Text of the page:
Since 1997, Tony Blair has proved himself time and again to be a strong and effective leader of Great Britain. However, as of September 7th of 2006, he has announced his resignation in an appeasement for his un-supportive public and co-counsels. While the specifics of his resignation have not yet been released, it is understood that his departure will occur within the next year. According to a story published by the Associated Press (AP), his resignation came after a subtle uproar in the cabinet. Allegedly, when eight junior officials were given the option to remove their names from a letter that demanded Blair leave office or for them to resign, they chose the latter.
Labour Party officials have commented that while they respect the direction Blair was taking, it was time for his leadership of the party to end.
America can now be left to wonder what will come of their strong alliance with Great Britain in the near future. While Blair himself has become a close colleague of President Bush and his diplomatic decisions, Britain's public has moved in the other direction. Serious public disapproval of Blair's decision to join America in the war in Iraq has been a major driving force in the events that have led up to his departure.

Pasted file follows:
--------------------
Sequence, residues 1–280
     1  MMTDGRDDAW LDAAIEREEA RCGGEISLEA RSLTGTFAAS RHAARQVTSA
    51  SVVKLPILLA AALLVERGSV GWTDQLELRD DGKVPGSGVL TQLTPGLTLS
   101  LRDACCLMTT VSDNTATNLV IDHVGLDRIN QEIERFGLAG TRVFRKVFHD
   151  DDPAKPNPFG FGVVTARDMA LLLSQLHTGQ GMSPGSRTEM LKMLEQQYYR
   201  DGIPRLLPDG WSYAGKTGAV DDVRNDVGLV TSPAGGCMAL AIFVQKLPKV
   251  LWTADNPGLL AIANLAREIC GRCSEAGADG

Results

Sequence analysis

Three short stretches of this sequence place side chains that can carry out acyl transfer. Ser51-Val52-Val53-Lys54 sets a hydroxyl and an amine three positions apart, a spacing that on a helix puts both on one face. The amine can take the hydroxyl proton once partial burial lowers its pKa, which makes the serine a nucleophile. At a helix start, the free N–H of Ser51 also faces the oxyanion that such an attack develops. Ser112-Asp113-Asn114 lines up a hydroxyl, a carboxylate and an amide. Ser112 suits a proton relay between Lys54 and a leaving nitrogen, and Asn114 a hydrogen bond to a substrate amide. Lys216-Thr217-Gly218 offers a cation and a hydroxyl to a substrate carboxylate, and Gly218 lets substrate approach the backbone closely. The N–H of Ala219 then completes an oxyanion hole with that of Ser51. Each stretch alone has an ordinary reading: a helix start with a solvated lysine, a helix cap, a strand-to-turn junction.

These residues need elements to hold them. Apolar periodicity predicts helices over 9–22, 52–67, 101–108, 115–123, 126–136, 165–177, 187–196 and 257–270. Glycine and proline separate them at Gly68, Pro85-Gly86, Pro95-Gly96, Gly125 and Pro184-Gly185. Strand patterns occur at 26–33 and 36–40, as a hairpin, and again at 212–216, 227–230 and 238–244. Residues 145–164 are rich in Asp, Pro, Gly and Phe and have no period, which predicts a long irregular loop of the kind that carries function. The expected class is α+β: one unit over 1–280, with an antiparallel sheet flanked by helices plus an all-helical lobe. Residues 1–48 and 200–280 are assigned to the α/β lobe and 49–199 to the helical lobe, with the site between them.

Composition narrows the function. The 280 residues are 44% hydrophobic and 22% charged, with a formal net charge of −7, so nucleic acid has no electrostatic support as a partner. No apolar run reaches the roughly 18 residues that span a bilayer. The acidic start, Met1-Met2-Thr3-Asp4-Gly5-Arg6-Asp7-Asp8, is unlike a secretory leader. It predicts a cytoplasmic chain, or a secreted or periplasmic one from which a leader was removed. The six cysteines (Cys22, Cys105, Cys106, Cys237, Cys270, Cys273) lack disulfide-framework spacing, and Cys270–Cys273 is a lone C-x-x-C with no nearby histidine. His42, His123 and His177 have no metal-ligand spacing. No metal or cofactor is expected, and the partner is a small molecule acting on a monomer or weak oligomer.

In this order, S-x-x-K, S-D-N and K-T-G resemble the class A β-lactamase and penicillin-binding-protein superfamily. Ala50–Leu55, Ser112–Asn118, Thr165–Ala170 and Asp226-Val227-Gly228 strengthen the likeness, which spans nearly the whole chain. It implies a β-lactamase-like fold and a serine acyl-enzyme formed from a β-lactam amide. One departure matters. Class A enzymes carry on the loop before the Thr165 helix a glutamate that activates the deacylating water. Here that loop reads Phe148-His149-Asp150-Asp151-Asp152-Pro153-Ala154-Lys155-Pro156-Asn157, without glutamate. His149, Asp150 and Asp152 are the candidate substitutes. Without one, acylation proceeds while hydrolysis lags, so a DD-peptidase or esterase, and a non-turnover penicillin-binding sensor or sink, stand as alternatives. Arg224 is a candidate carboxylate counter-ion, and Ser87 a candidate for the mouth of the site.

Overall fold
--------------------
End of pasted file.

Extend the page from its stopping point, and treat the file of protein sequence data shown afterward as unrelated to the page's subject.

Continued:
Now, the million dollar question is whether or not his successor will favor public opinion and pull out from the war. The dynamics of Great Britain's relationship with the U.S. will undoubtedly change either way, but how much and how fast can only begin to be speculated when the new prime minister is announced.
On the American side, though, it has been made clear that Blair will continue to offer his knowledge and counsel to the Bush Administration. According to the AP, Tony Snow-- official spokesman for the White House-- has been quoted as saying,
"He's a valued ally... at this point; we're not sitting around writing encomia for Tony Blair. We're instead busy working with him."
Rightfully so, since Blair's support for America could be said to have cost him his position. Furthermore, this poses the question of how well his counsel will be received by the American public, in light of the fact that Bush's own support is in decline.
Regardless of the future and popular opinion, Tony Blair's departure from his position as Prime Minister not only signifies the end of an era, but also leaves a pretty big pair of shoes to fill.